Column: Show hockey the money

By Dan Berrigan

No matter how much they win, the Illini hockey club always seems to get the shaft.

Despite winning the American Collegiate Hockey Association’s National Championship last season, the Illini continue to get no respect from the University.

Each hockey weekend, Campus Recreation charges the club $2,000 to play its games, and with a six-month season and 22 home games, the costs quickly add up. Tickets sales are what keep the Illini afloat, but because of the Ice Arena’s fees, each player must fork over $1,200 a season to wear an orange and blue jersey.

Opponents say the team is just another club sport and shouldn’t get any more money than rugby, lacrosse or ultimate Frisbee. The difference is hockey draws in upwards of 2,000 paying fans each week, and if correctly marketed could become a cash cow for everyone involved. Instead, the team is left to fend for itself.

“We are a premiere team in the league, and other teams at our level don’t pay anything, while we pay for everything,” sophomore forward Nick Fabbrini said.

As if charging the Illini to play each of their home games wasn’t enough, Campus Rec rakes in all of the concession stand revenue as well, even though they couldn’t sell a thing without the team.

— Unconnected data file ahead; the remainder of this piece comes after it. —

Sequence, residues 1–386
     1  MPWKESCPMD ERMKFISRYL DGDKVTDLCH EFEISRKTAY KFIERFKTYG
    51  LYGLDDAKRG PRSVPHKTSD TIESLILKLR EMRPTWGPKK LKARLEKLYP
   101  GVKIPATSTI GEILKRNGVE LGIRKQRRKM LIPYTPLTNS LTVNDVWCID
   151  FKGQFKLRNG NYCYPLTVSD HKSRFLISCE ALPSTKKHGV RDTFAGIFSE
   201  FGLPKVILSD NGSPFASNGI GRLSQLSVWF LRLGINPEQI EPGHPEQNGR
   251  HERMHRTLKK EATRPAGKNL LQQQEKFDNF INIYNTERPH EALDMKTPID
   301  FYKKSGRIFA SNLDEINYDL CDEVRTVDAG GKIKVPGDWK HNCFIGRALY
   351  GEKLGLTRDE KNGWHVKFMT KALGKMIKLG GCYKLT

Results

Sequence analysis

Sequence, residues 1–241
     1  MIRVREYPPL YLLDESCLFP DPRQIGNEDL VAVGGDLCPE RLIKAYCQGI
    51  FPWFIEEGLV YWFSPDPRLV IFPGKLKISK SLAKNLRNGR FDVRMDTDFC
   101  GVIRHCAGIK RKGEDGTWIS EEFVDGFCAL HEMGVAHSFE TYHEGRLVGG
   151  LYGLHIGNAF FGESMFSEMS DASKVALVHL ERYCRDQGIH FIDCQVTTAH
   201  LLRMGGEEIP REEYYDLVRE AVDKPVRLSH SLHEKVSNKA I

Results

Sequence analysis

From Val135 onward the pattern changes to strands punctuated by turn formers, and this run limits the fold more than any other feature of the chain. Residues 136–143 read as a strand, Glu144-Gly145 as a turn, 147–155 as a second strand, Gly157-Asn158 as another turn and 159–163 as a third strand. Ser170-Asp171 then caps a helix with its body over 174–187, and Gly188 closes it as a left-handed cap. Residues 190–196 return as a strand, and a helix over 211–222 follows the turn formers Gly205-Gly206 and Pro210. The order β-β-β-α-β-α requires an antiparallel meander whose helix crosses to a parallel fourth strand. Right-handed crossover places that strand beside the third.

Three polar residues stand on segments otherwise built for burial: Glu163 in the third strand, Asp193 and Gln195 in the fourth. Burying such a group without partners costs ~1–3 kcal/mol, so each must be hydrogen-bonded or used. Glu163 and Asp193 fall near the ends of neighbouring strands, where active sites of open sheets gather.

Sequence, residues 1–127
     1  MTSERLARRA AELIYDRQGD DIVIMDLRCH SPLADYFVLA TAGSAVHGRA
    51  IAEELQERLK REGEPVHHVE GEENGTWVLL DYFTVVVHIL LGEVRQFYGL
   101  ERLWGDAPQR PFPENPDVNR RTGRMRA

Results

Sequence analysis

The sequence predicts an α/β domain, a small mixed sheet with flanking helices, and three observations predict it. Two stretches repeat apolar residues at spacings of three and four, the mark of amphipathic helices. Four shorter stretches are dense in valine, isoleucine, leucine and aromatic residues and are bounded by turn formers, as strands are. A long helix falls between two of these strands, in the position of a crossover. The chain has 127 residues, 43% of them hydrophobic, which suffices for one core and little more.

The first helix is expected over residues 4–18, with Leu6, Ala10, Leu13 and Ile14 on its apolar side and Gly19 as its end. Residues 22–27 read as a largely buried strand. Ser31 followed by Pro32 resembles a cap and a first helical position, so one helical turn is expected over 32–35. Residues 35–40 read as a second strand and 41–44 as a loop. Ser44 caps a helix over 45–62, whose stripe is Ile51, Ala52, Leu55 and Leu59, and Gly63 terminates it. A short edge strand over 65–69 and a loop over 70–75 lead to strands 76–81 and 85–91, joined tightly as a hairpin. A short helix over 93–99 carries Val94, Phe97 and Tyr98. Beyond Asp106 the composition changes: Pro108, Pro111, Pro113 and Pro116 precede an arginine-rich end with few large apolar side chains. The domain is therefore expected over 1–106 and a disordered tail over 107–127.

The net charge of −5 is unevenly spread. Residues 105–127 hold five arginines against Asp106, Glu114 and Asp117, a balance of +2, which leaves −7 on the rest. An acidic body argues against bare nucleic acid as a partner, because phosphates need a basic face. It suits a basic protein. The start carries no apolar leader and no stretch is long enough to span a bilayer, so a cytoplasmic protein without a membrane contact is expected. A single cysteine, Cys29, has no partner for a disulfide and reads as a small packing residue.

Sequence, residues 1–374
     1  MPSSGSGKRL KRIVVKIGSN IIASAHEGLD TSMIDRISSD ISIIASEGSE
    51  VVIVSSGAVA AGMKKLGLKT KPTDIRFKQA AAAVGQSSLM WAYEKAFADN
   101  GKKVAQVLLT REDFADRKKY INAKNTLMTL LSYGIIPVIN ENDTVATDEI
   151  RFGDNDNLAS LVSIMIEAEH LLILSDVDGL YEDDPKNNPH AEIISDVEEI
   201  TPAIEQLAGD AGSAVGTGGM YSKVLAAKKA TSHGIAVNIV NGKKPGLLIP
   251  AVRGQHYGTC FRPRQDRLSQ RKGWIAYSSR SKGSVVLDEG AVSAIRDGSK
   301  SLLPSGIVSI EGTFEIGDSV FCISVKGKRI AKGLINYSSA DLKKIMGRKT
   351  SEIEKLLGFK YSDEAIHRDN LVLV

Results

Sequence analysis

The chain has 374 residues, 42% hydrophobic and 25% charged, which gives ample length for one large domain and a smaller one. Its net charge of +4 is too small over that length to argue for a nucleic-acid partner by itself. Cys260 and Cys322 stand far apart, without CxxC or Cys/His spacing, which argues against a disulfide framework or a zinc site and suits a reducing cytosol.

Head coach Chad Cassel said he is appreciative of every penny he gets from the University, but the team’s arrangement with Campus Rec doesn’t stack up to other schools.

“Comparing ourselves to the top programs like Penn State and Ohio University, it’s a joke,” Cassel said.

At Penn State, players not only play for free, they travel with six full-time staff members, a massage therapist, a radio crew and a team psychiatrist. Cassel’s team is lucky to be able to pay the bills.

“We have years where we are $10,000 to $15,000 in the hole and others where we make money,” Cassel said. “But we’ve had to cut back on a lot of expenses. We haven’t traveled as much the last few years to help us get out of debt.”

In fairness to the players and the students, the deal between these two needs to be re-examined. All the Illini want is to play hockey without having to visit a savings and loan officer every year.

“We work just as hard as any other team on campus, and on top of that, we’re good,” Fabbrini said. “It’s not like we aren’t a marketable team. We’re recognized in the Champaign-Urbana community, and I’m surprised the University doesn’t see that.”

After four decades of being swept under the rug, it’s time for the hockey team to get their due.

Dan Berrigan is a senior in Engineering. He can be reached at [email protected]